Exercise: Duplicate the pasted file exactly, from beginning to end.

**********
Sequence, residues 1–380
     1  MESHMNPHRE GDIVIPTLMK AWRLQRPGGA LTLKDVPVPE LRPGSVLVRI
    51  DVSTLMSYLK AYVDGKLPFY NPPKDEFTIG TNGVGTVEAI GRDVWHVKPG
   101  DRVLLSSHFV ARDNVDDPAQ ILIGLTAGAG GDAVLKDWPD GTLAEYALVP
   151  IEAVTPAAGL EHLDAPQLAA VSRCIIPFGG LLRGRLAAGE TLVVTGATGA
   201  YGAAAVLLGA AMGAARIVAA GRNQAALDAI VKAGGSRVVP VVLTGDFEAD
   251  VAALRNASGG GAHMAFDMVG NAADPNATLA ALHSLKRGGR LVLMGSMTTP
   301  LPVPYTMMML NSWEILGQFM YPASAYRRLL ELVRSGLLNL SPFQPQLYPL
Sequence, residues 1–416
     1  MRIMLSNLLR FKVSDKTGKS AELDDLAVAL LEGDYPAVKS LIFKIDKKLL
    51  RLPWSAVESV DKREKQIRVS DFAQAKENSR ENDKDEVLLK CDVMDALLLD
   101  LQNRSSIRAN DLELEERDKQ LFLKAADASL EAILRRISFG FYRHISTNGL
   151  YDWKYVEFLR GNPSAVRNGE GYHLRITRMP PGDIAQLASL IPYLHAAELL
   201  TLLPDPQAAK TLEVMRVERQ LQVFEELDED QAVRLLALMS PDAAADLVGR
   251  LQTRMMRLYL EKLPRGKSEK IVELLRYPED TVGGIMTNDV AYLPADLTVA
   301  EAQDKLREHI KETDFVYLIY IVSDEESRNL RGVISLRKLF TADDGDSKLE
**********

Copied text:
Sequence, residues 1–380
     1  MESHMNPHRE GDIVIPTLMK AWRLQRPGGA LTLKDVPVPE LRPGSVLVRI
    51  DVSTLMSYLK AYVDGKLPFY NPPKDEFTIG TNGVGTVEAI GRDVWHVKPG
   101  DRVLLSSHFV ARDNVDDPAQ ILIGLTAGAG GDAVLKDWPD GTLAEYALVP
   151  IEAVTPAAGL EHLDAPQLAA VSRCIIPFGG LLRGRLAAGE TLVVTGATGA
   201  YGAAAVLLGA AMGAARIVAA GRNQAALDAI VKAGGSRVVP VVLTGDFEAD
   251  VAALRNASGG GAHMAFDMVG NAADPNATLA ALHSLKRGGR LVLMGSMTTP
   301  LPVPYTMMML NSWEILGQFM YPASAYRRLL ELVRSGLLNL SPFQPQLYPL
Sequence, residues 1–416
     1  MRIMLSNLLR FKVSDKTGKS AELDDLAVAL LEGDYPAVKS LIFKIDKKLL
    51  RLPWSAVESV DKREKQIRVS DFAQAKENSR ENDKDEVLLK CDVMDALLLD
   101  LQNRSSIRAN DLELEERDKQ LFLKAADASL EAILRRISFG FYRHISTNGL
   151  YDWKYVEFLR GNPSAVRNGE GYHLRITRMP PGDIAQLASL IPYLHAAELL
   201  TLLPDPQAAK TLEVMRVERQ LQVFEELDED QAVRLLALMS PDAAADLVGR
   251  LQTRMMRLYL EKLPRGKSEK IVELLRYPED TVGGIMTNDV AYLPADLTVA
   301  EAQDKLREHI KETDFVYLIY IVSDEESRNL RGVISLRKLF TADDGDSKLE